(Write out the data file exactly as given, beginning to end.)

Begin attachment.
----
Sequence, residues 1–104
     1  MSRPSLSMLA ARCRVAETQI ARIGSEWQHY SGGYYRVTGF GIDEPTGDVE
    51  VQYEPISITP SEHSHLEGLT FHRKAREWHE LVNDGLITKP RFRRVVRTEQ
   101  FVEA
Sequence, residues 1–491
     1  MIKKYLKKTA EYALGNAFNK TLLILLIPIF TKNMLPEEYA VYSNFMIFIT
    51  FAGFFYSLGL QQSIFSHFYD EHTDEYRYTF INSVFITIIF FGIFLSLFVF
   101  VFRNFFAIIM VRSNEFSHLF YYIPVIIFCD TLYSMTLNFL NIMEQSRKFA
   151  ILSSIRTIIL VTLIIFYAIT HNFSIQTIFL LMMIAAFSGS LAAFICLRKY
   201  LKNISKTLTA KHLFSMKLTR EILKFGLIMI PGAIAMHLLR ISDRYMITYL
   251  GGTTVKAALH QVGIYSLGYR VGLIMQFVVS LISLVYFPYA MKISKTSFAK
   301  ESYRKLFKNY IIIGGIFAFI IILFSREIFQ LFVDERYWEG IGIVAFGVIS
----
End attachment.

Sequence, residues 1–104
     1  MSRPSLSMLA ARCRVAETQI ARIGSEWQHY SGGYYRVTGF GIDEPTGDVE
    51  VQYEPISITP SEHSHLEGLT FHRKAREWHE LVNDGLITKP RFRRVVRTEQ
   101  FVEA
Sequence, residues 1–491
     1  MIKKYLKKTA EYALGNAFNK TLLILLIPIF TKNMLPEEYA VYSNFMIFIT
    51  FAGFFYSLGL QQSIFSHFYD EHTDEYRYTF INSVFITIIF FGIFLSLFVF
   101  VFRNFFAIIM VRSNEFSHLF YYIPVIIFCD TLYSMTLNFL NIMEQSRKFA
   151  ILSSIRTIIL VTLIIFYAIT HNFSIQTIFL LMMIAAFSGS LAAFICLRKY
   201  LKNISKTLTA KHLFSMKLTR EILKFGLIMI PGAIAMHLLR ISDRYMITYL
   251  GGTTVKAALH QVGIYSLGYR VGLIMQFVVS LISLVYFPYA MKISKTSFAK
   301  ESYRKLFKNY IIIGGIFAFI IILFSREIFQ LFVDERYWEG IGIVAFGVIS